San Francisco’s top developers are lining up for the chance to turn what was once one of California’s dirtiest energy generators into one of the city’s most promising development sites.
Genon Energy Services LLC, formerly Mirant Corp., has issued a request for qualifications to at least 50 national and local developers that might be interested in acquiring the now-defunct Potrero power plant — a 22-acre central waterfront site that brings with it huge potential as well as environmental headaches.
The site could be redeveloped for offices, institutional use or biotech space.
While a current deed restriction prohibits housing or a hotel, Genon has made it clear that the restriction could be lifted, according to developers who have toured the site.
To assist with the process, Genon has hired two real estate consulting firms: Sedway Consulting of San Francisco and Economic & Planning Systems of Berkeley, according to Genon spokesman Tony Cordero. The Potrero Generating Station was permanently retired from operation in January of 2011. “Genon decided to try to sell the property since our core business is generating power, not managing vacant real estate,” stated Cordero.
Developers that have received the RFQ from Genon include Hines, Forest City, Orton Development, Mission Bay Development Group, Shorenstein Properties, TMG Partners, Strada Investment Group, Lennar, Build Inc., Emerald Fund and Alexandria Real Estate Equities. Responses to the RFQ are due Sept. 14 and Genon plans to pick a developer by January 2013.
The property occupies the original site of Potrero Point, immediately south of Pier 70 and a mile south of AT&T Park.
District 10 Supervisor Malia Cohen said that she was “thrilled about the possibility of this property being reused.”
“It has great potential to be transformed from an environmental scar on the neighborhood into a community-serving asset. I am hopeful that there will be interest in this property and that we can work together with the neighbors who fought for years to close the plant to design and implement its successful reuse,” said Cohen.
A representative from the San Francisco Bay Regional Water Quality Board said the cleanup of the property would be broken up into seven areas. The first phase is the northeast parcel closest to Pier 70. The cleanup plan for that part of the job has been issued and is undergoing public comment.
“We can make (housing) work. It’s not much different than Mission Bay or Pier 70. It’s going to be high density, not going to be people growing fruit trees — fruit wouldn’t grow there anyway,” said the water quality board representative, who asked not to be named because he is not authorized to speak to the press.
Potrero Hill Boosters President Tony Kelly said the neighborhood is receptive to the site being redeveloped as office or biotech space. Unlike Pier 70, which the Port of San Francisco owns, the power plant has been in private hands for more than 100 years and is not under jurisdiction of the State Lands Commission. “Any day that it continues to not be a power plant is a good day,” said Kelly.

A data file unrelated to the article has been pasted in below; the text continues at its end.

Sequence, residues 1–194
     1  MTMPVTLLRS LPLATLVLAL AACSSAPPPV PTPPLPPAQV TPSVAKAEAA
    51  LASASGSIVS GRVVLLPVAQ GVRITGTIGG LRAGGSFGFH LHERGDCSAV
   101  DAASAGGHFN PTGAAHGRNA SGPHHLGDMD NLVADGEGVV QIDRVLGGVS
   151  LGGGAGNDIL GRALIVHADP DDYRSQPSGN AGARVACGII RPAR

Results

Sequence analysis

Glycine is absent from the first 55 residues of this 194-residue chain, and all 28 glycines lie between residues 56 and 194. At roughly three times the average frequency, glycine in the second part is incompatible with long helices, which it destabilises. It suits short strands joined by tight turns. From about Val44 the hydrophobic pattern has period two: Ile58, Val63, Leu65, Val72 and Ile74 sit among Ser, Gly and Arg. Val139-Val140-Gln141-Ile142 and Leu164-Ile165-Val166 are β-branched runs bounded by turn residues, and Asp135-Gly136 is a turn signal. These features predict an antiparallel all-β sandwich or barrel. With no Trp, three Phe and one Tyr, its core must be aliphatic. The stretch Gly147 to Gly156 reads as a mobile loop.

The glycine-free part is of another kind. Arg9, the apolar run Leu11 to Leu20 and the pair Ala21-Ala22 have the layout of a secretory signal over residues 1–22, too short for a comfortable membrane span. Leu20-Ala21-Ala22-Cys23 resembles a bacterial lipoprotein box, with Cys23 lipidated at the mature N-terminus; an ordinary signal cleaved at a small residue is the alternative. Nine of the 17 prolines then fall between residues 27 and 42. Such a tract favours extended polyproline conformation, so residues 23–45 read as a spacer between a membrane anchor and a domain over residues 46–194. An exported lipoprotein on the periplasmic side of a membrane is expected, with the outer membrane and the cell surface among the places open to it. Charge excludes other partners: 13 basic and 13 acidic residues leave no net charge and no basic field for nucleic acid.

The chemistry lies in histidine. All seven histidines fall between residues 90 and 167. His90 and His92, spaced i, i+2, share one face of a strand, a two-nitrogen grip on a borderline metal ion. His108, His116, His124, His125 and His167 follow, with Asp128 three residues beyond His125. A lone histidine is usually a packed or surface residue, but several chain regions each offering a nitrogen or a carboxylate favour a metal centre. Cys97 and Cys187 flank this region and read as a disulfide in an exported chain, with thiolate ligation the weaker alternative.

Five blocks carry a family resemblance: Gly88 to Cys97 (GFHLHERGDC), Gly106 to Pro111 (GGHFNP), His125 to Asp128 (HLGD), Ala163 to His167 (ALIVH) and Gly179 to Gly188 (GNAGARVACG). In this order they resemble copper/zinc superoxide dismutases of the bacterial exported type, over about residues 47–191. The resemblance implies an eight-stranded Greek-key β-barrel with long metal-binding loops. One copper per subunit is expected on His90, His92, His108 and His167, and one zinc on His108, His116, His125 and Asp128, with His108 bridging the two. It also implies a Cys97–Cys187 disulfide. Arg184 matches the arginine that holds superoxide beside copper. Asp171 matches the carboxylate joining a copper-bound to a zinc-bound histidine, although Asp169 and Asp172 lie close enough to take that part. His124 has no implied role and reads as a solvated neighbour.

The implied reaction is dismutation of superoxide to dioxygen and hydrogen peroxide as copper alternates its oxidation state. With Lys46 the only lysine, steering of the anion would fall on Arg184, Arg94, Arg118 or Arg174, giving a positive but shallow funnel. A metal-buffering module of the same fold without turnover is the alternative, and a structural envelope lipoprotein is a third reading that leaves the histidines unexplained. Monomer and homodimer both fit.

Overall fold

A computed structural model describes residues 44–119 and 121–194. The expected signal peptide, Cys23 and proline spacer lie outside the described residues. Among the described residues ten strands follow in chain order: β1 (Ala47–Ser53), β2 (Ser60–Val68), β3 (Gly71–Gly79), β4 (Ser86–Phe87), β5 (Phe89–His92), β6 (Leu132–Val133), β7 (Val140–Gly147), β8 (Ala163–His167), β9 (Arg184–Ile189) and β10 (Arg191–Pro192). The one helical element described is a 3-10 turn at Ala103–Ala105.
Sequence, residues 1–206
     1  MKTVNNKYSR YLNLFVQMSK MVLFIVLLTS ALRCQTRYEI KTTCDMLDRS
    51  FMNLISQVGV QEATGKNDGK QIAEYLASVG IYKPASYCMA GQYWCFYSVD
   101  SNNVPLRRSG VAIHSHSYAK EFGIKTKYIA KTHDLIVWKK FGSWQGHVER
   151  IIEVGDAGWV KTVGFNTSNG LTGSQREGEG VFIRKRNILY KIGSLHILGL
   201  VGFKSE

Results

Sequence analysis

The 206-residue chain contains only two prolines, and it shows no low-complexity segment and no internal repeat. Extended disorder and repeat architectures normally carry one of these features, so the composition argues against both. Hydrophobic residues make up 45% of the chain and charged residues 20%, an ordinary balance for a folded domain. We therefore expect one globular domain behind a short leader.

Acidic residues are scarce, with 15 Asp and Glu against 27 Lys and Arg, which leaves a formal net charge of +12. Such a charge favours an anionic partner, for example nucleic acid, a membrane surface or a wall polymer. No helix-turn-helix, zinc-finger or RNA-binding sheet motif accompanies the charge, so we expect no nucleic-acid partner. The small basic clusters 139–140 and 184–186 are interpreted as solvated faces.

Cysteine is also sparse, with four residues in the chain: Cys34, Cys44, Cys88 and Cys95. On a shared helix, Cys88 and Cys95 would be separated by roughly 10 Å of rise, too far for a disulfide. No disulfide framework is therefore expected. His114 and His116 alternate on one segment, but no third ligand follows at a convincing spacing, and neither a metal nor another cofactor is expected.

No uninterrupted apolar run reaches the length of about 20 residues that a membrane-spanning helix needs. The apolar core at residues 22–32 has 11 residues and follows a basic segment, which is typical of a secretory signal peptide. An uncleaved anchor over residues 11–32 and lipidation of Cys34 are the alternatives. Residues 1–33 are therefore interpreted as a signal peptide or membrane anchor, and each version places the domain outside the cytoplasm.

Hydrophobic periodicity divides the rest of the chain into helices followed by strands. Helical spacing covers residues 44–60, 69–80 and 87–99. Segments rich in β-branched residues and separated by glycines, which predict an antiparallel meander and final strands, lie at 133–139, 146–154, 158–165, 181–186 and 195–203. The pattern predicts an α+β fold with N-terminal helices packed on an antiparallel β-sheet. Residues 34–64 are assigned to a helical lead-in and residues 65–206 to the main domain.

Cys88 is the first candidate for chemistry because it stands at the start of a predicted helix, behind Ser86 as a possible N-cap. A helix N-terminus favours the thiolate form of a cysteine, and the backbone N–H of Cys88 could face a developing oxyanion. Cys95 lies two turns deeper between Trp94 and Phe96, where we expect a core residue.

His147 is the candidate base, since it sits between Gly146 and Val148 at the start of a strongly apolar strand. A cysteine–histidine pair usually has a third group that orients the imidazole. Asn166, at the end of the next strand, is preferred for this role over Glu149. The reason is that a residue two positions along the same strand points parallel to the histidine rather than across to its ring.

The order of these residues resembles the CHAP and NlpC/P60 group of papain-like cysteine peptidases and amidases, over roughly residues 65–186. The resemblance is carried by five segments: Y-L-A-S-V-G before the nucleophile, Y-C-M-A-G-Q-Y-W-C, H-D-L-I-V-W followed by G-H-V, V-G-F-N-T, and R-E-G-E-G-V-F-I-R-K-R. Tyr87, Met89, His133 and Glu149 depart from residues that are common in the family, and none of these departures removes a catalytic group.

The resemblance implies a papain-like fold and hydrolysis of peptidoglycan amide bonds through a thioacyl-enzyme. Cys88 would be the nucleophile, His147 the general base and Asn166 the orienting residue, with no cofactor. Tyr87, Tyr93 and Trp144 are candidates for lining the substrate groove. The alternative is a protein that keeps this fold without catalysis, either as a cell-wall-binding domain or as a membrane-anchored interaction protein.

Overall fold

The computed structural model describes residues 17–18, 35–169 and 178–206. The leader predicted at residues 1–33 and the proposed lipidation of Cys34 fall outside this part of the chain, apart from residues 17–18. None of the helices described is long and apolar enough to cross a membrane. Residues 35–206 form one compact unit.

He said he would rather see dense office or research/development construction at the power plant than at Pier 70. “If you are looking to extend Mission Bay, go ahead and do it there rather than Pier 70,” said Kelly.
In 2010, the city won a decade-long fight to close the Potrero plant. Prior to its subsequent closure, it was one of the oldest fossil-fuel-burning plants operating in California and among the filthiest. The plant dumped heated water into the bay and its smokestacks belched particulate matter and greenhouse gases into an already disproportionately polluted southeast part of San Francisco.
Calls for the facility to be shut down began in the 1990s after it was purchased from Pacific Gas and Electric Co. by Southern Co. (now Genon).
Emerald Fund President Oz Erickson said his company had received the package on the opportunity but would be taking a pass on it. “We have our hands full right now,” said Erickson. “That is a major, major project — probably 10 years worth of work. It’s a great site and I hope whoever gets it succeeds.”
Build Inc. Principal Lou Vasquez said his group has been looking at the site for seven years and hoping it would become available. He said he envisions a mixed-use neighborhood with housing, waterfront parks, cultural facilities and commercial uses.
“It’s an opportunity for a 21st century, self-contained neighborhood,” said Vasquez. “All the infrastructure has to be built from scratch, so you have the opportunity to use state-of-the-art planning and technology to create the kind of urban place you want to be. In a lot of ways it’s an easier play than Pier 70 because there is no (Port of San Francisco) involvement and no California State Lands Commission.”
Genon estimates that half the property is likely to be used for buildings and the remained used for open space, streets, plazas and a buffer from the existing PG&E switchyard to the west.
One developer said the potential development is complicated by the fact that PG&E controls the cleanup and there is no legal way to enforce a deadline on the utility for completing the work.